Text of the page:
Date sent:        Wed, 26 Nov 1997 09:56:32 -0500 (EST)
From:             Benny J Peiser <
Priority:         NORMAL






ESO Education and Public Relations Dept.
ESO Press Release 11/97
For immediate release: 24 November 1997


When is a minor object in the solar system a comet? And when is it an

Until recently, there was little doubt. Any object that was found to display
a tail or appeared diffuse was a comet of ice and dust grains, and any that
didn't, was an asteroid of solid rock. Moreover, comets normally move in
rather elongated orbits, while most asteroids follow near-circular orbits
close to the main plane of the solar system in which the major planets move.

However, astronomers have recently discovered some `intermediate'
objects which seem to possess properties that are typical for both
categories. For instance, a strange object (P/1996 N2 -- Elst-Pizarro) was
found last year at ESO (ESO Press Photo 36/96) which showed a cometary tail,
while moving in a typical asteroidal orbit. At about the same time, American
scientists found another (1996 PW) that moved in a very elongated comet-type
orbit but was completely devoid of a tail.

Now, a group of European scientists, by means of observations carried out at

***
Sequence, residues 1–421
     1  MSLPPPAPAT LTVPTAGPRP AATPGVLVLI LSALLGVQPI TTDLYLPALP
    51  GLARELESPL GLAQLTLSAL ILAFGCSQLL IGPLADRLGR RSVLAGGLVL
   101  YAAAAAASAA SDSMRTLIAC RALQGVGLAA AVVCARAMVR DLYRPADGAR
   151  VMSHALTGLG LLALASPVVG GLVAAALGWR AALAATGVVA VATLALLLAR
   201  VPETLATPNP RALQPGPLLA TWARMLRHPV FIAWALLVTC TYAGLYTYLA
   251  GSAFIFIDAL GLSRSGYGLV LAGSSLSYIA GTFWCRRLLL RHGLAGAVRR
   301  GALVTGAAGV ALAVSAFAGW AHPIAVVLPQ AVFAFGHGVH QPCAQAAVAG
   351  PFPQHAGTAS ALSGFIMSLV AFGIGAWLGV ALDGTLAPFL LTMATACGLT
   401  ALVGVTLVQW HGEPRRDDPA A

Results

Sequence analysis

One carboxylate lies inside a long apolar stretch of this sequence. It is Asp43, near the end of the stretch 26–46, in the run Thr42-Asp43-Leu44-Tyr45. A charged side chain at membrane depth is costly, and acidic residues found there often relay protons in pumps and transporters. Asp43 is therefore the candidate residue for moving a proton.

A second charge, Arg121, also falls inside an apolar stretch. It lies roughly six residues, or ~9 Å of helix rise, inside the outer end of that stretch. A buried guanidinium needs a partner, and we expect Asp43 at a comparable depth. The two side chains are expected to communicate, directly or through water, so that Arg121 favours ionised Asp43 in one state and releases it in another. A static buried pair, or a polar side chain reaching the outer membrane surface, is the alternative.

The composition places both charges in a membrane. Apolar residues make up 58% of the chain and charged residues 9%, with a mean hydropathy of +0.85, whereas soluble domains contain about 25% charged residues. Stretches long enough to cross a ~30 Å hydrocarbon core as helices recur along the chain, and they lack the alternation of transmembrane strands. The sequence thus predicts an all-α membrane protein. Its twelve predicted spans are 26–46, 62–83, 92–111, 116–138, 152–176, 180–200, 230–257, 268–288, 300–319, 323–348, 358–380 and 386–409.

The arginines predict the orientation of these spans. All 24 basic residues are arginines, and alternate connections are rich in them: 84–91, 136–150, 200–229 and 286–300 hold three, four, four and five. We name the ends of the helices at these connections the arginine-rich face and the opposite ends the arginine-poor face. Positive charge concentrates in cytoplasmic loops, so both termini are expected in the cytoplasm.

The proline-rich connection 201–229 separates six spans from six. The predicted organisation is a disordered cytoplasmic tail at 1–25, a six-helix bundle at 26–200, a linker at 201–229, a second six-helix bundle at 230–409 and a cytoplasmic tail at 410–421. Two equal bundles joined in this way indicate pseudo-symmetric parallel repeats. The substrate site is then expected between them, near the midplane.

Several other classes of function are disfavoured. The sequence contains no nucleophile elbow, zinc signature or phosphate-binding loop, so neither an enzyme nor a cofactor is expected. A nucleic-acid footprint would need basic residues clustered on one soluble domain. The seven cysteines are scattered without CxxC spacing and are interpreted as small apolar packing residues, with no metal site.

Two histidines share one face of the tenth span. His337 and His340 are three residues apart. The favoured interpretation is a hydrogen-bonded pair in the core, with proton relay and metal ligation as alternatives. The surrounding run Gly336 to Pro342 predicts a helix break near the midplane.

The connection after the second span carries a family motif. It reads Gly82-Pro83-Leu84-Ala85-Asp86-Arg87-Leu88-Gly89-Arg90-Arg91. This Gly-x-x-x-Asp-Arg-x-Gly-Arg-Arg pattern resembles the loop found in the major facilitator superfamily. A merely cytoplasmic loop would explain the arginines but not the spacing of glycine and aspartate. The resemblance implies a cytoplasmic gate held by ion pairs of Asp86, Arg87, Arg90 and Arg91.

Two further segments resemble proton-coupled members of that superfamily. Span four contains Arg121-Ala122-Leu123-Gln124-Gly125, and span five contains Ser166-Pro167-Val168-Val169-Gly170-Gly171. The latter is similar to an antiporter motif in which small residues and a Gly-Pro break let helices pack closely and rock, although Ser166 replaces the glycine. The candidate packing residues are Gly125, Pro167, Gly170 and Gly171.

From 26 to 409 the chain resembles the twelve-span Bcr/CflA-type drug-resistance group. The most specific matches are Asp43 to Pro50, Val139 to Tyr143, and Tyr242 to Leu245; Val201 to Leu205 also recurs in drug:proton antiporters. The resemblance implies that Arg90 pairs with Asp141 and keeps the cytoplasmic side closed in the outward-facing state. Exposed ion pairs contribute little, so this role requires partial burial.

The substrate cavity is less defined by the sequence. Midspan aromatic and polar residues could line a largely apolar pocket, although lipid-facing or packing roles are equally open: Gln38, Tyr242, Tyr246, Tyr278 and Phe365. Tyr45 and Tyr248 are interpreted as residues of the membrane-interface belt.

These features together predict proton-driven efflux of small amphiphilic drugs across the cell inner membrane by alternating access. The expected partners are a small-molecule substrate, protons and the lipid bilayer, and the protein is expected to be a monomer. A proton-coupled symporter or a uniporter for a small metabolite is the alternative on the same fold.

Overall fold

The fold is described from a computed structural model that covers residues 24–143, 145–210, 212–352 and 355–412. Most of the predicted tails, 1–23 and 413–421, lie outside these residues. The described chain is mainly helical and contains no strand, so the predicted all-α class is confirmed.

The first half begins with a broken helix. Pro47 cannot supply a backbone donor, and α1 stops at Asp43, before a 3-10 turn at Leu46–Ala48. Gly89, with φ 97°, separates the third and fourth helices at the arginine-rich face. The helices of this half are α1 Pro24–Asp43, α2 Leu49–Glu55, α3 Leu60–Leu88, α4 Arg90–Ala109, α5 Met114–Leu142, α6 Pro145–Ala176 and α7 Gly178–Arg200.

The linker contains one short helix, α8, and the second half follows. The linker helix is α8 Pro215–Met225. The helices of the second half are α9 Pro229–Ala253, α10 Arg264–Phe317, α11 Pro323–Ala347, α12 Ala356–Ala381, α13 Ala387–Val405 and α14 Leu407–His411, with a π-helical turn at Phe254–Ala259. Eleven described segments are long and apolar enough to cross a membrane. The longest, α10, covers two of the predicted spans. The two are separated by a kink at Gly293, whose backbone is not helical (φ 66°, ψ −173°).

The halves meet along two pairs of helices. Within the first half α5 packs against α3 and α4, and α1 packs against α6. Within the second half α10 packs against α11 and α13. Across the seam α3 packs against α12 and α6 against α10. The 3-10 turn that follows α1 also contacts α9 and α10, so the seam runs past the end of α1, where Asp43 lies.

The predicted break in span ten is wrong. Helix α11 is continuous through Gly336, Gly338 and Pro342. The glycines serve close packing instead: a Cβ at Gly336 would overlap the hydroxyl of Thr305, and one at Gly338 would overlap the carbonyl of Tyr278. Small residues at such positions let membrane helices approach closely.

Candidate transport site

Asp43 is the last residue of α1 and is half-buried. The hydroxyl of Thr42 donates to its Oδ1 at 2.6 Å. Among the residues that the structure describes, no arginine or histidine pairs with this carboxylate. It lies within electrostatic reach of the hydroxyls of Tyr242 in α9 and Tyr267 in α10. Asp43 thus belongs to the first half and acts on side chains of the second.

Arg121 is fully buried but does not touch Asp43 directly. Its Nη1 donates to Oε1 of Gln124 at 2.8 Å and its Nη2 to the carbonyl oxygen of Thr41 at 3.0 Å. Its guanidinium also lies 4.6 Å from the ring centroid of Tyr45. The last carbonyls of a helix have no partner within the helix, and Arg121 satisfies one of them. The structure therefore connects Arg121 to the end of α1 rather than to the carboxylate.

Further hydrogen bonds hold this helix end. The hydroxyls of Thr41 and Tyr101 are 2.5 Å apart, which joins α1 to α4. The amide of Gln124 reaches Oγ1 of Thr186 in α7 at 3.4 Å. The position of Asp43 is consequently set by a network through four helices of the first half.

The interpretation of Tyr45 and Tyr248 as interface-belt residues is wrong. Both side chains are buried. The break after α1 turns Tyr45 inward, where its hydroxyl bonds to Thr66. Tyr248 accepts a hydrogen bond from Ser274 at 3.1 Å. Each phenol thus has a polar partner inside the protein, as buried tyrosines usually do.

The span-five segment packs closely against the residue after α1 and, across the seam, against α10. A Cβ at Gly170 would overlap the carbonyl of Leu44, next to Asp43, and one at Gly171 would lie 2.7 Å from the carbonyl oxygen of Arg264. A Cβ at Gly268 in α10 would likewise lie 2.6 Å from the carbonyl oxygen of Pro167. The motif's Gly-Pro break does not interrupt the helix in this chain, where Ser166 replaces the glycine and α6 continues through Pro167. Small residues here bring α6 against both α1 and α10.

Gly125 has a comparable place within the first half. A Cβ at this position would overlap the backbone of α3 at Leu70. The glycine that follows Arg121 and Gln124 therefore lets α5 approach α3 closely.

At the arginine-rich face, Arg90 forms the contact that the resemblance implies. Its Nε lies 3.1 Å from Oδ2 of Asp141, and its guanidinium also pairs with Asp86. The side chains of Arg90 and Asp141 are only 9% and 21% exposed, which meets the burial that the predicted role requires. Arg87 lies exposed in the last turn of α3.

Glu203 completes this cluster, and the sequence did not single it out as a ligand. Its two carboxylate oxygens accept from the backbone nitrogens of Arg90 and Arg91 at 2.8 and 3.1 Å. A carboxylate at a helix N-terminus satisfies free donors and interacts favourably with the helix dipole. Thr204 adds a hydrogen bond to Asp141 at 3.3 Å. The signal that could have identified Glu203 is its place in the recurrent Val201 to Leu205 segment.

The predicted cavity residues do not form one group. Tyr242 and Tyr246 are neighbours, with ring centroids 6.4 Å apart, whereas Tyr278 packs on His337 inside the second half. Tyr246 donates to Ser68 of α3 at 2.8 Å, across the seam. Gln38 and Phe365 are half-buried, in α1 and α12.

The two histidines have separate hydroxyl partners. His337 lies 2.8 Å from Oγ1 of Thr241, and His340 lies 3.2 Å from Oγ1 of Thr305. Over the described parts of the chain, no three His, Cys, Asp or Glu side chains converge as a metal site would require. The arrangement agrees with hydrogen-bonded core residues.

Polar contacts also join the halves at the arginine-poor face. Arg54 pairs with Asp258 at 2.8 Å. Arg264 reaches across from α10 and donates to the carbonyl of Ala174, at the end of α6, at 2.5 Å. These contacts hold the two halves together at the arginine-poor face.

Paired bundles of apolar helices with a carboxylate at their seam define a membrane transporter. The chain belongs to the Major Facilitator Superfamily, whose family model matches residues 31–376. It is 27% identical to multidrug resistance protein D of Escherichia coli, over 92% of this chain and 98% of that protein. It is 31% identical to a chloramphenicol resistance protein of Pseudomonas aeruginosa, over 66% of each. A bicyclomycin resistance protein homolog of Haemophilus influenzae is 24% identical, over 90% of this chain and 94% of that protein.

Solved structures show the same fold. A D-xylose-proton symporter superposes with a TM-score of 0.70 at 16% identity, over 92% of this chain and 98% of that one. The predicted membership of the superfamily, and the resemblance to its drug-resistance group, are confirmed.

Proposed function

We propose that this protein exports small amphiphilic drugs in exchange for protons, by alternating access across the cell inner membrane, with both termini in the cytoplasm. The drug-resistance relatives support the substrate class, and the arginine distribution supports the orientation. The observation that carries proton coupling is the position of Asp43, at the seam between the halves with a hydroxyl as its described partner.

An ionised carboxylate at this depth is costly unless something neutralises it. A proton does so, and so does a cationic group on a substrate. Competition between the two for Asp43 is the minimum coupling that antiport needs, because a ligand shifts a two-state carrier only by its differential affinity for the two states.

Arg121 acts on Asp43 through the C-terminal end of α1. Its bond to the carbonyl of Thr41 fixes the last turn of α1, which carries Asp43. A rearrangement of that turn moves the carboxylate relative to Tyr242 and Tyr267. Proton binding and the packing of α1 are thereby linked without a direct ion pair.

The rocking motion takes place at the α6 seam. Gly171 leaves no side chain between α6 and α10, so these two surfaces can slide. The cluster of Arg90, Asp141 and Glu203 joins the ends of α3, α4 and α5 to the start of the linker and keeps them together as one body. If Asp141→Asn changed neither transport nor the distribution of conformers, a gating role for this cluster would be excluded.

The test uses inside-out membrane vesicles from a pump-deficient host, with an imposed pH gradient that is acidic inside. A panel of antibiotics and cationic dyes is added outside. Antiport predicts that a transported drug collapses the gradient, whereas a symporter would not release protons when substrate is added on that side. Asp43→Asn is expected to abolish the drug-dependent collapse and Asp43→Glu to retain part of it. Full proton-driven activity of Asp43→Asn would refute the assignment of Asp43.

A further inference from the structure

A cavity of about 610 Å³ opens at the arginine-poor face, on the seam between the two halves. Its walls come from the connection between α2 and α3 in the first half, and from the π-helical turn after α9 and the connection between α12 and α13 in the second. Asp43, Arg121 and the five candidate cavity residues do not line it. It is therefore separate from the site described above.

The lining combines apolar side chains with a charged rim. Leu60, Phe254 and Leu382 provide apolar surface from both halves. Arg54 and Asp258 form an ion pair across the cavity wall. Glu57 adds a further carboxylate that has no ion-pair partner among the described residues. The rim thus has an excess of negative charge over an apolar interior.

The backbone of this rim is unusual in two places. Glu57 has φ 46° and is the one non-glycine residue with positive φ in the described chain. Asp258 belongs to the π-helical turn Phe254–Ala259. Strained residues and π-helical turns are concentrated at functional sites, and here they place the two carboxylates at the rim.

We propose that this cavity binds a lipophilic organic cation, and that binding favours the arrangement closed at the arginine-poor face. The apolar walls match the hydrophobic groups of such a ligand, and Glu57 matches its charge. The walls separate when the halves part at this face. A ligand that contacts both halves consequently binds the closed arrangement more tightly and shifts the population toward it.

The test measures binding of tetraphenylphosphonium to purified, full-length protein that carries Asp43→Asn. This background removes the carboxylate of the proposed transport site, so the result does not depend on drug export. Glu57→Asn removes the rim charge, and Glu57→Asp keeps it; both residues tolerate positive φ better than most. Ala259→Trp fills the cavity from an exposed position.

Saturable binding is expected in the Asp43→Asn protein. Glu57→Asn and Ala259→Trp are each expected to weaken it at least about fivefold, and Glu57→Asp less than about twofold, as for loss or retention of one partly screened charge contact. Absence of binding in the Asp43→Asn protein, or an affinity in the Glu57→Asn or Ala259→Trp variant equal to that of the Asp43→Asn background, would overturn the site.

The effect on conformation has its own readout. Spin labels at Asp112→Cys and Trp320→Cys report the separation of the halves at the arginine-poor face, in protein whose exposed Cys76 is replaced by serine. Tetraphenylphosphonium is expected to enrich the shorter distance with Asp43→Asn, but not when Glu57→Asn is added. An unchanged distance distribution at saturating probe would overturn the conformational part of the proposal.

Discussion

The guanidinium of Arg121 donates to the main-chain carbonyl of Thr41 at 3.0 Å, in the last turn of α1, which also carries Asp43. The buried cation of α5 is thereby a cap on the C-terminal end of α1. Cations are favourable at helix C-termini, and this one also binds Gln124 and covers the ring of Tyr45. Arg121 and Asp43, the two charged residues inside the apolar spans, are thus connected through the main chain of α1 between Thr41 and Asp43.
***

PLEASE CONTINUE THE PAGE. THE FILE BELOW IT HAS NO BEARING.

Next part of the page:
the ESO La Silla observatory, have found yet another object that at first
appeared to be one more comet/asteroid example. However, continued and more
detailed observations aimed at revealing its true nature have shown that it
is most probably a comet. Consequently, it has received the provisional
cometary designation P/1997 T3.

The Uppsala-DLR Trojan Survey

Some time ago, Claes-Ingvar Lagerkvist (Astronomical Observatory,
Uppsala, Sweden), in collaboration with Gerhard Hahn, Stefano Mottola,
Magnus Lundstroem and Uri Carsenty (DLR, Institute of Planetary
Exploration, Berlin, Germany), started to study the distribution of
asteroids near Jupiter. They were particularly interested in those that move
in orbits similar to that of Jupiter and which are located `ahead' of
Jupiter in the so- called `Jovian L4 Lagrangian point'. Together with those
`behind' Jupiter, these asteroids have been given the names of Greek and
Trojan Heroes who participated in the famous Trojan war. Thus such asteroids
are known as the Trojans and the mentioned programme is referred to as the
Uppsala- DLR Trojan Survey.

In September and October/November 1996, the ESO Schmidt telescope
was used to cover about 900 square degrees twice centered on the sky
field in the direction of the Jovian L4 point. The observations were made by
ESO night-assistants Guido and Oscar Pizarro. By inspection of those from
September, Claes-Ingvar Lagerkvist found a total of about 400 Trojan
asteroids, most of which were hitherto unknown. Their accurate positions
were measured on a two-coordinate measuring machine at the ESO Headquarters
in Garching (Germany). During the same period, the 0.6-m Bochum telescope at
La Silla was used for additional observations of positions and magnitudes.

An asteroid with a tail?

A new object was found by Claes-Ingvar Lagerkvist on a film obtained with